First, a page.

“The dreadful famine fever, which ravaged Scotland and Ireland from 1740-42 was as essentially a relapsing fever, as the notorious recent famine fever of Ireland of 1846 49, for it is recorded of the cases that the patients were subject to relapses even to the third and fourth time. The fevers of the last century were described too imperfectly to enable us to trace how often this form of relapsing fever appeared among the epidemics, but the relapsing fever was recognised as constituting no small proportion of the cases in the epidemics of 1798 1800 in that of 1810-11 in that of 1817-20 in that of 1826-29 in that of 1841-42 in that of 1846-49 and has even appeared in the epidemic at present prevailing over Scotland. Nay more according to the accounts which have reached us from Russia it constitutes a large proportion of the cases of that virulent epidemic which is at present devastating that country”

The lancet London
“In no part of the British dominions however has fever existed to such an extent as in Ireland, faithful accounts of which have been published in the excellent reports of Drs Barker and Cheyne, from which it would appear that the Irish epidemics from the numbers affected and great mortality resembled the plague of the sixteenth and seventeenth centuries. It has been computed that by the fever that raged throughout Ireland in the middle of last century 1740-1741 upwards of 80,000 were carried off”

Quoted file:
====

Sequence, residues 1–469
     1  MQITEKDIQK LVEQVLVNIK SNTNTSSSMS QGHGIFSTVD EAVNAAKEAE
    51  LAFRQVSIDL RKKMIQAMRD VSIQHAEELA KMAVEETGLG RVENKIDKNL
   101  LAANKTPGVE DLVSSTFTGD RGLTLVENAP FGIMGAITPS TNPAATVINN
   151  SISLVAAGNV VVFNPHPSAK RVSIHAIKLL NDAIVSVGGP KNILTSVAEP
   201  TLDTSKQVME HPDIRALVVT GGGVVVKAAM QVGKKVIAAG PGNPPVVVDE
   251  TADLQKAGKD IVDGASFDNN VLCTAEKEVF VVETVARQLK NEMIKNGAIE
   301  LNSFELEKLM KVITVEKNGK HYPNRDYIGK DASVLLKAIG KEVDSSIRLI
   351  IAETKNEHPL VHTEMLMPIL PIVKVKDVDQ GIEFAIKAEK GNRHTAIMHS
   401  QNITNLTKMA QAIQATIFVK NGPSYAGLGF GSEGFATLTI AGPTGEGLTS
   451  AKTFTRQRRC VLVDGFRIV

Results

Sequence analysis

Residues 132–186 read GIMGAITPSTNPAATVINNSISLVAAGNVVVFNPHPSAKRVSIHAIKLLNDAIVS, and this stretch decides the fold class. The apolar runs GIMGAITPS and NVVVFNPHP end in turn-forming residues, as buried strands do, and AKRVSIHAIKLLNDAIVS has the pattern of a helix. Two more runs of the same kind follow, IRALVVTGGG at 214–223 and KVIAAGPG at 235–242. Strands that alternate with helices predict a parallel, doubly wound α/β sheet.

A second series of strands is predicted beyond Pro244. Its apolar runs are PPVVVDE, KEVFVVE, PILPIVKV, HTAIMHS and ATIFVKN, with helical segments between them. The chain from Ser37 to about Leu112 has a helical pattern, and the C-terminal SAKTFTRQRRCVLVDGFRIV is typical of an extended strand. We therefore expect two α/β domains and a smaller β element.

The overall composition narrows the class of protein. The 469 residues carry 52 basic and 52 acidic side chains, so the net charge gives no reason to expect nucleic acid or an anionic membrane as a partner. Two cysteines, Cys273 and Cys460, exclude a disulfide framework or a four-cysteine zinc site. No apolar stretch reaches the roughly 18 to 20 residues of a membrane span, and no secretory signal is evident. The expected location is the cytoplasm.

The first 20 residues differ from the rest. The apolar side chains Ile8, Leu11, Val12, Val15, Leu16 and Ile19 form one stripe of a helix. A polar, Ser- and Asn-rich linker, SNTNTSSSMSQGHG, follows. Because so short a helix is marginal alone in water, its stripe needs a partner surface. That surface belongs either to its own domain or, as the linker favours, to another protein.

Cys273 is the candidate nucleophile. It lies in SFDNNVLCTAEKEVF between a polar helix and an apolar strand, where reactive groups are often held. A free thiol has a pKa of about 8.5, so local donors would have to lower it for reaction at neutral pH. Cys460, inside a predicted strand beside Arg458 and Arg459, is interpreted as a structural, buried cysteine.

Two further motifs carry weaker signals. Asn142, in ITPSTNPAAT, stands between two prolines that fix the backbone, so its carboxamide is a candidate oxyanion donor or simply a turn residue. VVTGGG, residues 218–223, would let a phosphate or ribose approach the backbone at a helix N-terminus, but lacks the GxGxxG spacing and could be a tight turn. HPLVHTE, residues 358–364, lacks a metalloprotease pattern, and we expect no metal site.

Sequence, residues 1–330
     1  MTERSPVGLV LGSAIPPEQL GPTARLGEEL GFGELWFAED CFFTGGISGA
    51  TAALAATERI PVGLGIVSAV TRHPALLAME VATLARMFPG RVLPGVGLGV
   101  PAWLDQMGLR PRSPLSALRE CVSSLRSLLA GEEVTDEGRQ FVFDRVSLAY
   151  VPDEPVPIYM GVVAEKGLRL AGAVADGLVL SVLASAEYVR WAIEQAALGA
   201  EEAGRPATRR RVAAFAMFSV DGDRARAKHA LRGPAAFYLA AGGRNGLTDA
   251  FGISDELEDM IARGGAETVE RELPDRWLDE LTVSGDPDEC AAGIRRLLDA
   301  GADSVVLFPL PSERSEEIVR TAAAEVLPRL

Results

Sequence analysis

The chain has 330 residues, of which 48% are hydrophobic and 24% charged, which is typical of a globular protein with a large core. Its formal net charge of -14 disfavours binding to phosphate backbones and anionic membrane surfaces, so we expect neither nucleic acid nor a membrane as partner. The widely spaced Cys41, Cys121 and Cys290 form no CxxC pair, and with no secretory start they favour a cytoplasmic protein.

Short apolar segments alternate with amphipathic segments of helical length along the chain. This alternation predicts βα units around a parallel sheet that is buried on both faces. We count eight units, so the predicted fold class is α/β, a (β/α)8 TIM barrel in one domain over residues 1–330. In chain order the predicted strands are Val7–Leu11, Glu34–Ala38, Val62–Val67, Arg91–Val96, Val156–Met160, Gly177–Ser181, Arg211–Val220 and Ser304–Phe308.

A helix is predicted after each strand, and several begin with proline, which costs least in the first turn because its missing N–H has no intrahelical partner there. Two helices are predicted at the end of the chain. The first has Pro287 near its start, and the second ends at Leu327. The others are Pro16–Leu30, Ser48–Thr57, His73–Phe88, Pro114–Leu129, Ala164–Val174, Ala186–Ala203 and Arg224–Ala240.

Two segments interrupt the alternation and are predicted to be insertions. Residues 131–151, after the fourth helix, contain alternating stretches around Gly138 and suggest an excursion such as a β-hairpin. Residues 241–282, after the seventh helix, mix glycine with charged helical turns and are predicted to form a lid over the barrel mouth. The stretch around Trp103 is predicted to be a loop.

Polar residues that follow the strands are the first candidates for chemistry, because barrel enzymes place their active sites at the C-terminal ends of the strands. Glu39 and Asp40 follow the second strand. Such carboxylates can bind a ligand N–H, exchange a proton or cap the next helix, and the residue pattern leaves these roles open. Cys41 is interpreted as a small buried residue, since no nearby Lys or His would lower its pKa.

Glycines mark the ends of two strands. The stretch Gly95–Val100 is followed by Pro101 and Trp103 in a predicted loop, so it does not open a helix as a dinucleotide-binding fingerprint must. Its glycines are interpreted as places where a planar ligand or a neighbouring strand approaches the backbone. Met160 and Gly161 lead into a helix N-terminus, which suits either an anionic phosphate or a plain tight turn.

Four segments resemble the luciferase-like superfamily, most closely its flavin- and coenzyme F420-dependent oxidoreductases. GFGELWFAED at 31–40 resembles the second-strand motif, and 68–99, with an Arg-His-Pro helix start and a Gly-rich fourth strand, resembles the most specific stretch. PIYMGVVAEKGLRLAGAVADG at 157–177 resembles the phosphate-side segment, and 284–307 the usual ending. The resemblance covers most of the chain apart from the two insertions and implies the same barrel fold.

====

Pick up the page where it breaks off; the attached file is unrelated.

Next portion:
Picture added on 21 July 2010 at 00:23
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The OS Pathfinder map has the Well of Cul-dearg clearly located at NJ36651893, a different location from the one on the map above. We visited this well on Sunday afternoon and found it after a bit of searching and map checking. It is a good going spring which feeds a small burn that flows away from it. We didn't look for the well on the map above. Is the Pathfinder map wrong - or is the above map wrong?! The website is a great piece of work - congratulations to all contributors.

Site of well now corrected as noted in 1850 OS MAP ... Web Administrator
Added by Peter Craig, Cromar History Group on 13 October 2010